Kent Merriman Jr. Peepshow, 2015, Photo courtesy of Bel Ami, Los Angeles.

An Attraction to the Discarded – An interview between Kent Merriman Jr. & Nancy Tousley


Kent Merriman Jr. is the Calgary-based emerging artist featured in the 9th installment of Glenbow’s ongoing One New Work series, curated by award-winning senior art critic, arts journalist and independent curator Nancy Tousley.

This interview between Nancy and Kent was conducted in May 2019 in preparation for the exhibition.

If you are inspired and want to know more after reading this interview, join Kent and Nancy at our Salon Series night on July 24 where they will continue to explore ideas related to Kent’s work.

NT: Do you consider yourself to be a realist painter?

KM: Yes, definitely. I stick with the traditional component of painting for the most part. And I take the information from what I see. The paintings have a naturalistic quality. I might not like all the marks I see, but I still honour them by painting them because they are there and I represent the subject matter truthfully

NT: What attracts you to the subject matter?

KM: It’s mostly just things from the past or things that I have seen before that are able to convey the message that I feel I want to present. I never look at something and think “This is something that I want to paint.” It’s something that I feel I could use as a metaphor or something that came from a past experience that will relay a certain message that might not have anything to do with what I’m actually seeing.

Kent Merriman Jr., Deplorable Armour, 2015

NT: Behind these paintings is there an existing object that you copy or work from, or is the composition a composite image?

KM: I take so much in when I’m staring at these things, I kind of get lost in them. It becomes photographic in my mind. I know exactly what it is that I want to paint. I sometimes will go back to the exact thing that I was looking at and study it a little bit more, or I’ll take photos of certain different parts. But, for the most part, it just comes from my head.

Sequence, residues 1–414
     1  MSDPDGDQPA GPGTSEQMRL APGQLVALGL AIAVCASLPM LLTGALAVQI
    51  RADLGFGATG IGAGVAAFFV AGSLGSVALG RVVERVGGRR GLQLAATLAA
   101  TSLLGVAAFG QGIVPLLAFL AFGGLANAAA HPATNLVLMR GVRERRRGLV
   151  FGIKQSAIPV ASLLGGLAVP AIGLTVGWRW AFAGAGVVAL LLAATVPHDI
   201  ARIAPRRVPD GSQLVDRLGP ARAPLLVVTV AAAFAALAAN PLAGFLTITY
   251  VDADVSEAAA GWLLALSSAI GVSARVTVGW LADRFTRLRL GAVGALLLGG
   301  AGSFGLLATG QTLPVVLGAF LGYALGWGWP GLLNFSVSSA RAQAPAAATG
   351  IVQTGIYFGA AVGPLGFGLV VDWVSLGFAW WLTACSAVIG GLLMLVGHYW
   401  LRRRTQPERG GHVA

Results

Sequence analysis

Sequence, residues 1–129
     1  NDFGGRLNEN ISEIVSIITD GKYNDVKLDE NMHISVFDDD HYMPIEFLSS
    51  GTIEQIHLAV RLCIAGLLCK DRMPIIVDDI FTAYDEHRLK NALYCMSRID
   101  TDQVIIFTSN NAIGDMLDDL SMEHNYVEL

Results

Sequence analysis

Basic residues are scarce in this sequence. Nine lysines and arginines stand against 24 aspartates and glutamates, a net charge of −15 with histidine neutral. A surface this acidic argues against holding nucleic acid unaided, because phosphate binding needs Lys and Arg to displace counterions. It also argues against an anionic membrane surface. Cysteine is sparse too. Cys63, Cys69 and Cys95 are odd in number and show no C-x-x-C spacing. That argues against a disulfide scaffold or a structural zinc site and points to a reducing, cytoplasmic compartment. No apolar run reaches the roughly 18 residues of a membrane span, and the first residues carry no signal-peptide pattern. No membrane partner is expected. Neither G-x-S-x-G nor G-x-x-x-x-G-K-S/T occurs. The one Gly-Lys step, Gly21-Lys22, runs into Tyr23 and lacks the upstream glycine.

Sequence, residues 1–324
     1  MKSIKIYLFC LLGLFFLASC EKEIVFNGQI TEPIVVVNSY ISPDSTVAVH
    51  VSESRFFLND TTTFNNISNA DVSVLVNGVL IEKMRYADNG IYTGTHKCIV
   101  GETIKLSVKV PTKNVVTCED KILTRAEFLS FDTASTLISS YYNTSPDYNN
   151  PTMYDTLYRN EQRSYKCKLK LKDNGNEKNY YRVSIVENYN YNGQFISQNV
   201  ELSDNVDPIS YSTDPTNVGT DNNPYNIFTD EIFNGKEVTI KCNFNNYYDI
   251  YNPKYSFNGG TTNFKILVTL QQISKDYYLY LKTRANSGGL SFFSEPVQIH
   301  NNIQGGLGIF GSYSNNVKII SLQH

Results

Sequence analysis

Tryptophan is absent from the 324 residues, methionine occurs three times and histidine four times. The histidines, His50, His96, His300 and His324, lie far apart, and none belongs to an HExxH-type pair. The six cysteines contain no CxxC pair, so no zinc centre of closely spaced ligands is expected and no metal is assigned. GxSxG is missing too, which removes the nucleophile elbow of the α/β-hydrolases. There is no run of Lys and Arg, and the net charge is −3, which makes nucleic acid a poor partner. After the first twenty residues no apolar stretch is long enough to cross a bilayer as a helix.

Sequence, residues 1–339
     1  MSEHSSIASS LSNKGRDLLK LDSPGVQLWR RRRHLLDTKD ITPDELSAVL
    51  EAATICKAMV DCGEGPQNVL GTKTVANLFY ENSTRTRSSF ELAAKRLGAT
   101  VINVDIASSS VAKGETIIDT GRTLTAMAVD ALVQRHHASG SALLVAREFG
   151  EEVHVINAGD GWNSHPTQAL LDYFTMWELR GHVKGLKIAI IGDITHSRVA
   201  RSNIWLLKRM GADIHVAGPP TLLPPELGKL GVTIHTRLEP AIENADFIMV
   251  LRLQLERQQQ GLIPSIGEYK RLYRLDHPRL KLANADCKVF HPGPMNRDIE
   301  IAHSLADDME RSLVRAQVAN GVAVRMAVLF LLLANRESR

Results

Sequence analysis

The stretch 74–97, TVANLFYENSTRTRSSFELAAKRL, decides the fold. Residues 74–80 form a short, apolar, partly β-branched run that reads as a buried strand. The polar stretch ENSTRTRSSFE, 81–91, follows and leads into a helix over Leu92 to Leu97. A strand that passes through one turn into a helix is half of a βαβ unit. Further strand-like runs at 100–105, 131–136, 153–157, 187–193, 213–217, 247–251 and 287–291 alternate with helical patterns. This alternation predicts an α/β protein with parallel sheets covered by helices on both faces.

NT: So you might have photos to consult when you’re working on a detail?

KM: Exactly. A detail or something up close, just to make sure that I’ve got what I need exactly where I want it to be.

NT: And what is the message?

KM: In the past, it’s been about quitting. It’s been about humiliation. It’s been about history, slight trauma, or just messages about growing up. I don’t really want to get into this. The best part of being a writer or an artist is you can talk about anything you feel at the time. I’ll put those messages in there, but they’ll be so hidden you’ll never even know they’re there. But I know that they’re there. It’s kind of like wearing a t-shirt with a sweater over top of it, but nobody knows what the shirt says underneath it. But you know you’re wearing it.

NT: Someone might infer that because the things you make paintings of are beat-up, impoverished, abject objects, which suggest marginal places like back alleys, that there is some kind of social commentary going on.

KM: To be honest with you, not so much. I think they come from alleys because most of the objects that I relate to are disregarded, and they just end up in alleys and places like that.

NT: Where does your attraction to the discarded and disregarded come from?

KM: I think there’s something interesting about seeing something that has been used and put aside, and it’s like it’s almost just sitting there to die, in a sense. And then, when you paint them, it gives them a second life. I almost have feelings for these things in a strange way.

Kent Merriman Jr.
Kent Merriman Jr., Tears and love are rained with joy, a kiss from the sun (detail), 2019

NT: How do you feel about making something out of paint that looks really real? Are you trying to fool the eye and deceive the viewer?

KM: I’d say I’m not, believe it or not, not so much interested in tricking or fooling the eye as I used to be. The objects become important because they’re painted (made of paint). So people will obviously want to take a closer look at them. But no, I’m not so much into fooling the eye, I think that the idea is more important. So it’s up to me to perform better as a painter. The materiality for me is almost a bonus.

One New Work: Kent Merriman Jr.: Remnants will be on view at Glenbow until September 15, 2019.

Learn more about Merriman’s unique and labour-intensive artistic approach from the artist himself at the Salon evening on July 24.

Banner Image credit: Kent Merriman Jr., Peepshow, 2015

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